People who need lie-ins aren’t lazy and science backs them up

The world discriminates against people who need to sleep late

Life sucks if you’re not a morning person. Everything from the best paid jobs to most decent educational opportunities rely on being able to get up early, day in, day out. Language is biased: phrases like “the early bird catches the worm” ostracise the late sleeper.

The message is twofold: get up early if you want to achieve anything with your life. And more damningly, taking a lie-in is the choice of people who are lazy.

All she wanted was a lie-in

To add unfairness to stereotype, there is science to substantiates that in fact, “morning people” and “evening people” aren’t casual nicknames, but are real things. In the same way that people have different eye colours, people have different chronotypes (you can read about them here).

But society requires that those who tend towards a later sleeping pattern must match the sleeping patterns of others. They are forced to ignore their bodies. But research suggests that our internal clocks are influenced by genes – and therefore highly difficult to change. The likelihood is that if you’re not a “morning person” you never will be. Attempting to live out of sync with this clock, as every late sleeper who’s ever wearily faced a morning commute knows, is a bad idea.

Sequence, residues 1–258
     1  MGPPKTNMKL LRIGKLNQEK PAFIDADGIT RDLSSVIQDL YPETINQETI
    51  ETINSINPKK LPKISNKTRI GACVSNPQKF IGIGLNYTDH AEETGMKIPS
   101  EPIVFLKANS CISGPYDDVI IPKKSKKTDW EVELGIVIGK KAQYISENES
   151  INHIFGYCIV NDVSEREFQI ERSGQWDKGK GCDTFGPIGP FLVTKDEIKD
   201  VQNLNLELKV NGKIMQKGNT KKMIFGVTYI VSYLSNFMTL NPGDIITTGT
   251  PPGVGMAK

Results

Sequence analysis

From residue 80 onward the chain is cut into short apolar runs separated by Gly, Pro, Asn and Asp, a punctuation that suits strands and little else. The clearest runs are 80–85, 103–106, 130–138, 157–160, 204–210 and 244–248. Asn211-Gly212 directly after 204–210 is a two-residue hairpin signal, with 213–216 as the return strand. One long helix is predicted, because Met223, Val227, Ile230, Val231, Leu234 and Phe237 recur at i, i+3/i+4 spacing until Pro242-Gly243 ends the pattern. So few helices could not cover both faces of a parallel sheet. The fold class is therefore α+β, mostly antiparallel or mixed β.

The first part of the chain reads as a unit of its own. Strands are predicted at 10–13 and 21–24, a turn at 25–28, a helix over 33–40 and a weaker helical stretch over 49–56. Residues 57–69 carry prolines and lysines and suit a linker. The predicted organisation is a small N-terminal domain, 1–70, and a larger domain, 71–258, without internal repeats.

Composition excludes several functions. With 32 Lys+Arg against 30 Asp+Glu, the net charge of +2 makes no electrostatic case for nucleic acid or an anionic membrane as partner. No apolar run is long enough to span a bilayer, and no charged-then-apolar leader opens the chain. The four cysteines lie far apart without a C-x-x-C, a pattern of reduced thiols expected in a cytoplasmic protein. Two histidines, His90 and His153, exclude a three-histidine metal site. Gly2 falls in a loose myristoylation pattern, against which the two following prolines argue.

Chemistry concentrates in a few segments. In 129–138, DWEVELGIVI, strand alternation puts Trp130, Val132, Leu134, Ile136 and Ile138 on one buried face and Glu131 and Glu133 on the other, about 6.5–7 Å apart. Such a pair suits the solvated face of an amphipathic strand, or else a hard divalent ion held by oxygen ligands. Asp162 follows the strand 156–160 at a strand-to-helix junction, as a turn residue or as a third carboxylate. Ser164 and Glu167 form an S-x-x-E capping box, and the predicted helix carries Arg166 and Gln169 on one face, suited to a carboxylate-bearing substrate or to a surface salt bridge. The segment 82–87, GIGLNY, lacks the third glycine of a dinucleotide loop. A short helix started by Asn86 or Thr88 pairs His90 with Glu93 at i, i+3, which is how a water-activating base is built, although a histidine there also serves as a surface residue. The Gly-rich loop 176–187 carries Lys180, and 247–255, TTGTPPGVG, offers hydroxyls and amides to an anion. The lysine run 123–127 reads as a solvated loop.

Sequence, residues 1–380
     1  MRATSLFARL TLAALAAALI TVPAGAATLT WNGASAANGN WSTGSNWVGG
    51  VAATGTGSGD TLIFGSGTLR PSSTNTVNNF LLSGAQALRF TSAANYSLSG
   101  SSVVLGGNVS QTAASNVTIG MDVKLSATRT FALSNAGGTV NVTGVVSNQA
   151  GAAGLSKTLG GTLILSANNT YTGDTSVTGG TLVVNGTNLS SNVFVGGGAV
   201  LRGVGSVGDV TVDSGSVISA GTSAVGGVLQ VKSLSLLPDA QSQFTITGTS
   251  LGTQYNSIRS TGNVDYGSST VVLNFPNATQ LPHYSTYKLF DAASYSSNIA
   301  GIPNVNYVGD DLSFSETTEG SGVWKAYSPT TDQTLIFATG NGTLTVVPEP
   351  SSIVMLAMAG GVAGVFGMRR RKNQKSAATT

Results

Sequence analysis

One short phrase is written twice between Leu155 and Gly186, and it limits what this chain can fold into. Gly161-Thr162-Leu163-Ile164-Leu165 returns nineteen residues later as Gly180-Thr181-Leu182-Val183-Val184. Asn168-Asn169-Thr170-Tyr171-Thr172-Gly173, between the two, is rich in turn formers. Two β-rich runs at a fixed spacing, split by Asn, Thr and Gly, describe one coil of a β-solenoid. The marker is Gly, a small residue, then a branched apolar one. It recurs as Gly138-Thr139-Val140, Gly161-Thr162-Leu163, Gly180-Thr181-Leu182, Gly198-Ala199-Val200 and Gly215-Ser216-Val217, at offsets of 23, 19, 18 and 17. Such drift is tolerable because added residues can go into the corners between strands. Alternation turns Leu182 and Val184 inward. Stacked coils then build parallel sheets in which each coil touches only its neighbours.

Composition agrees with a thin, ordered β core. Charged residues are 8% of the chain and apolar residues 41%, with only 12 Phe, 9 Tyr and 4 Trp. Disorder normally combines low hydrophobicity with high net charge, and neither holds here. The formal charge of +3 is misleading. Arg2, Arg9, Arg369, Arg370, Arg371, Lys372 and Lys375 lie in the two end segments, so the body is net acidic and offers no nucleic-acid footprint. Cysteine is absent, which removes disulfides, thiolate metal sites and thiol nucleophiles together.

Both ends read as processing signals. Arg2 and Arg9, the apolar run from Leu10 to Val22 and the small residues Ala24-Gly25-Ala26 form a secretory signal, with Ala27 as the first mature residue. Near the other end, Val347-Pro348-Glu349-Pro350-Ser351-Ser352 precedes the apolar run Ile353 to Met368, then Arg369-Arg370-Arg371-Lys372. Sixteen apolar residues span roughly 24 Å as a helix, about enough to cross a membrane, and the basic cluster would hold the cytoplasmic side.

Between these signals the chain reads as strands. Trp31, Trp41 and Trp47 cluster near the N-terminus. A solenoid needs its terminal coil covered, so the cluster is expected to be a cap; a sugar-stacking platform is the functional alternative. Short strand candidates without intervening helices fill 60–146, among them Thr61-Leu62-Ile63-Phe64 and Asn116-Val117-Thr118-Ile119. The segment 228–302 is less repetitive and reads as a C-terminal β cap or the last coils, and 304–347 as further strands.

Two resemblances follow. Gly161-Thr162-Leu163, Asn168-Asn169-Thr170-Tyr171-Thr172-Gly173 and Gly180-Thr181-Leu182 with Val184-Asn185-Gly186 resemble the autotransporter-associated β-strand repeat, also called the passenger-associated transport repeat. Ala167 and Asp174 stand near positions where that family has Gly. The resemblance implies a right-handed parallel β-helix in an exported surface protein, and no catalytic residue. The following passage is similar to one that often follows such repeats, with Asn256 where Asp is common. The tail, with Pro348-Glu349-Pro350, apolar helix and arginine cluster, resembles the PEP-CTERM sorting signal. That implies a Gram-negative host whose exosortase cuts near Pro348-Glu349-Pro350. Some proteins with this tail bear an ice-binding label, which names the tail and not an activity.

Forcing your internal time to sync up with a real world time table that’s different has been linked to heart disease, depression and obesity.

This information ought to shift the perception that late risers are deadbeats, feckless partiers or lazy people who can’t stick to a basic schedule. If you want an idea of how damaging these perceptions are to people who struggle to wake up early, this subreddit for people with Delayed Sleep Phase Disorder gives a good idea:

Not exactly a barrel of laughs is it

I personally don’t feel fully alert and mentally active until late in the evening, around 9-10pm. Now I’m not sure this qualifies me for DSPD but it does mean I find working to a morning schedule difficult. Shouldn’t everybody get the opportunity to work when they feel most productive? The internet means that most of us can work whenever and wherever we like, making the need for rigid timetables increasingly obsolete, especially ones that really screw people whose bodies crave lie-ins.